A Plant-Based Cheese That People Would Love?
To explore if it can be done, I’m now a Senior Advisor to Noquo Foods.
I’m excited by how breakthrough science, innovation and technology are helping us advance a more nourishing, and environmentally sustainable, food system. I think it brings us hope that — despite all the noise and negativity in media and politics — we can actually build a better future.
I think this excitement has also influenced where I’ve decided to engage professionally. I’m a consultant to the Rockefeller Foundation Food Team, a mentor to the startups of accelerators/funds Big Idea Ventures and Katapult Ocean, and supporter/advisor to a number of other startups in the AgTech/FoodTech space, such as Holistal. What these organizations all have in common is that they’re innovative, data-driven, and believe in breakthrough science and technology to make the world a better place.
For the past year, I’ve been helping super entrepreneur Sorosh Tavakoli in his quest to explore how to build an impact-driven food startup. This journey has taken him from microalgae, to duckweed, and finally to alternative protein, by starting Noquo Foods.
So it feels like a natural step for me to formally become Senior Advisor to (and angel investor in) Noquo Foods. I’m excited about Noquo, for a few reasons:
Helping to build a better food system
The modern food system has focused on delivering cheap calories and high yields. And it has been tremendously successful in feeding the world; we’ve reduced global hunger from 50% to about 10% since 1945. But we did not optimize the food system for e.g. nutrition and environmental sustainability.
- Poor diets are today the leading global cause of disease, disability and premature death. Evidence seem to indicate that significant underconsumption of foods such as fruits, vegetables, seeds and nuts, legumes, whole grain and fish is the core issue. The U.S. spent $327B in 2017 alone to treat just one disease, diabetes. Our food system is driving our health system bankrupt.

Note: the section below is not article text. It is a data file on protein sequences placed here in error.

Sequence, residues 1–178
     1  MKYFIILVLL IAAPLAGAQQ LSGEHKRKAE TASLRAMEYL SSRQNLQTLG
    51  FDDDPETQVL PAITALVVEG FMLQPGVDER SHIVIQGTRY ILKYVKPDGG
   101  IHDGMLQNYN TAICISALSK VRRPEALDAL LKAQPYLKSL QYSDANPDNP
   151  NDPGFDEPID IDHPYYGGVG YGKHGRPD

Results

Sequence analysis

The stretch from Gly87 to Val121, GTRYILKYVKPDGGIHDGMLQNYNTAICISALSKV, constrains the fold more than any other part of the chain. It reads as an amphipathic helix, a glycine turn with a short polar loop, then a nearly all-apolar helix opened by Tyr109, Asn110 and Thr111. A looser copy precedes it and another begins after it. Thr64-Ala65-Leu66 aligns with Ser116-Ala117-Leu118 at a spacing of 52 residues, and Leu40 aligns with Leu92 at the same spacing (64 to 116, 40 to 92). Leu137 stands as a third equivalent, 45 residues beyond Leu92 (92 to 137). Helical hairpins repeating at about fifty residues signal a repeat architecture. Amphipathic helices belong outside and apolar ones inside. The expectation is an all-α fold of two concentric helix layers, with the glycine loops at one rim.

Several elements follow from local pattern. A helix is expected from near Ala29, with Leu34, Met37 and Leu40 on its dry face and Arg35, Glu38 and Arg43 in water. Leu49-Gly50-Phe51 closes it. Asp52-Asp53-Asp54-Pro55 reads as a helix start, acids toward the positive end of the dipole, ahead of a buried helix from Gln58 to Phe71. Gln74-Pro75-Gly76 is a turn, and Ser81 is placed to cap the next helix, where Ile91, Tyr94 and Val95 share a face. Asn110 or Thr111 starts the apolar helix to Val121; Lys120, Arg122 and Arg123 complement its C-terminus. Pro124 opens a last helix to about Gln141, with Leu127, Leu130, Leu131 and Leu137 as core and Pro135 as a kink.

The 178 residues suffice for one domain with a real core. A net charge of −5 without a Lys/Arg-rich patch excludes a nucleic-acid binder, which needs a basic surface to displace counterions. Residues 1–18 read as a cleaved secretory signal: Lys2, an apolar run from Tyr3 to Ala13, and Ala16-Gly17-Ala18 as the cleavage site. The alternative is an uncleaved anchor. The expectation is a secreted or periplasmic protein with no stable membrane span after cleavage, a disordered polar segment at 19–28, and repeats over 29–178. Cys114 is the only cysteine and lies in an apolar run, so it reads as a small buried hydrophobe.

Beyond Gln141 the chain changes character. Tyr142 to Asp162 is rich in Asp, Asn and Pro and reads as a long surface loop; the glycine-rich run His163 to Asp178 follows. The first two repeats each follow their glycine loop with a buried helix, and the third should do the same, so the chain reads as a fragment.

- The food system is responsible for 25% of global greenhouse gas emissions, 70% of all freshwater use, and 40–50% of total land use (food production). Animal agriculture is about two-thirds of the entire environmental footprint. While new technologies are being deployed which are reducing food system environmental impacts, the world’s population is also growing towards 9.7B by 2050, and global diets are generally shifting towards more animal-sourced foods (which are resource intensive to produce); demand for these foods is expected to rise with 70% by 2050.
Plant-based foods, on average, seem to be beneficial both from a human health perspective and from an environmental perspective. While plant-based alternatives to animal-sourced foods are not automatically healthier, Noquo Foods has the opportunity of developing something really interesting.